The power of alternative media.
Vancouver's own, National Observer, has unearthed evidence suggesting shocking collusion between an energy giant and the industry-friendly federal regulator, the National Energy Board.
Under scrutiny is a NEB audit report released last July.
Both the company and its watchdog delivered positive messages about the published audit, explaining it showed how much Enbridge was improving.
But two things were happening behind the scenes before the public ever got wind of the report. Enbridge initially responded to the draft report by denying there were major problems. Secondly, the final report is different from the draft version that was privately shared with Enbridge in February 2015. The NEB, which is also based in Calgary, changed the conclusions in response to 28 pages of recommendations from Enbridge.
These critics said that the public should be alarmed about how the final report was edited, because the changes show that the regulator doesn’t know how to prevent disastrous spills from happening or how to respond when a catastrophe strikes.
“They don't even understand their limitations and the NEB has no idea what the issues are,” said Don Deaver, a former Exxon pipeline engineer from Texas, who now works as a private consultant after a career that lasted decades.
“These reports are confidential, internal Enbridge documents,” the company wrote in its 28-page response to the draft audit report, attached to a letter signed by its president of liquid pipelines, Guy Jarvis, on March 6, 2015. “As such, Enbridge requests that the reference to them be removed from the report, or referred to in a more generic fashion.”
“They (the industry and the watchdog) are using the wrong methods to analyze the growth of these cracking areas that they find along the pipe,” said Deaver.
Deaver added that if the two secret environmental reports refer to the aftermath of spills, they would expose one of the “dirtiest, darkest secrets of the pipeline industry" regarding the challenges of cleaning up after a major leak.
“Whenever there’s a lawsuit on a spill or something like that, the agencies allow the companies to hold back the reports until there’s a settlement,” Deaver said. “It could be embarrassing to the regulatory people (to reveal what’s in these company reports) because it could show that they (regulators) failed to take action.”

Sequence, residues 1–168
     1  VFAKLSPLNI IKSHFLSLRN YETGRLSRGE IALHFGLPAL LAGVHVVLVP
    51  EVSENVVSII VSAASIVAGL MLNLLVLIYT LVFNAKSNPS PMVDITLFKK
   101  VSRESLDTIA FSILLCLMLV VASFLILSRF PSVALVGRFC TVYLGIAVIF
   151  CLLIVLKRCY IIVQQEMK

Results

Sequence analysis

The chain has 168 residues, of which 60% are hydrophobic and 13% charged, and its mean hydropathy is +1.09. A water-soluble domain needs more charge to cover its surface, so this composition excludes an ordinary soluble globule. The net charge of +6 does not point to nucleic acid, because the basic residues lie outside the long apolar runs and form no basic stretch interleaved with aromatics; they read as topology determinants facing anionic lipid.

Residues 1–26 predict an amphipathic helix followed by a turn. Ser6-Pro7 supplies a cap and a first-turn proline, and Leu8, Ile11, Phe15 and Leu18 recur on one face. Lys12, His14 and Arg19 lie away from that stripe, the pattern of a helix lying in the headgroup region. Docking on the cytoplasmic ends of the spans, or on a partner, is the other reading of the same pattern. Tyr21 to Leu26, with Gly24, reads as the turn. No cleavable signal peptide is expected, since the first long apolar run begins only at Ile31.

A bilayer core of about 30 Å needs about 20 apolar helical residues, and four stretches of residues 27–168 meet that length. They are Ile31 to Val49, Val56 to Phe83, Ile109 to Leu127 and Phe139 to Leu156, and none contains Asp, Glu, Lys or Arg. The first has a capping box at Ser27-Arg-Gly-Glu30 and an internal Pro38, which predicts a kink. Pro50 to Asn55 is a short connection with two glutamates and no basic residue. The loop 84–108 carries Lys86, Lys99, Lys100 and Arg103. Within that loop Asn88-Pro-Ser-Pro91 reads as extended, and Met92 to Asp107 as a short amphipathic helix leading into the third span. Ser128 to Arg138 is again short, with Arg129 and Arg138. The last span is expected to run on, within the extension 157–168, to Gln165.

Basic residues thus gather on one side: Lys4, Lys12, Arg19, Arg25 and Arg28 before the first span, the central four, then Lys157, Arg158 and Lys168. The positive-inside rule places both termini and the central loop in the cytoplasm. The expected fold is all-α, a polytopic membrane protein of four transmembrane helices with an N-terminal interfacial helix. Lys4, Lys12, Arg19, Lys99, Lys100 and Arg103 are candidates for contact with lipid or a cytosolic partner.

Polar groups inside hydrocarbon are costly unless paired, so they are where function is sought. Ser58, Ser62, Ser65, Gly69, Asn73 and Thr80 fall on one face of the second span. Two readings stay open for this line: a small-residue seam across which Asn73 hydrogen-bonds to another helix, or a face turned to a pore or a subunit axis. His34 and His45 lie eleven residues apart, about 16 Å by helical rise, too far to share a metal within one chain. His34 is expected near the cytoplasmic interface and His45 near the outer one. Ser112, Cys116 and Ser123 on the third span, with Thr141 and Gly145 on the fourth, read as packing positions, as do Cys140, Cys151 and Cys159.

This is the second time in recent months that the NEB has done something like this: In December, it declined to release an internal corporate investigation report into a damaged pipeline buried by TransCanada Corp - Canada’s second largest pipeline company - because the NEB said its staff left that report behind at the company office in the middle of a separate investigation into serious safety allegations that were raised by a whistleblower.
It's not clear why the NEB would leave documents behind since it has full powers of inquiry and full powers of a federal court to investigate pipeline safety matters. These powers allow the NEB, under Canadian law, to take any evidence it needs to complete its investigations.
But the regulator, governed by a board that currently has 13 members - 12 of whom were appointed by the Conservative government of former prime minister Stephen Harper - wasn’t willing to provide a detailed explanation about any of the unusual decisions made in its recent investigations.
“I think they’re trying to hide a safety risk,” Vokes said in an interview. “They continue to promise better and better performance on corrosion-related failures and they never manage to stop corrosion-related failures.”
U.S. officials blamed Enbridge for having a “culture of deviance” that contributed to the Michigan spill, which traveled about 50 km downstream on the river that leads to Lake Michigan. But the company and its regulators said that they were taking steps after the 2010 spill to prevent future disasters. Industry and federal officials had made similar statements after the Saskatchewan spill of 2007.
Yet another example of the audacious hypocrisy of the Trudeau Liberals. They freely slammed the National Energy Board while they were in opposition. Since coming to power they find the industry-dominated regulator just fine.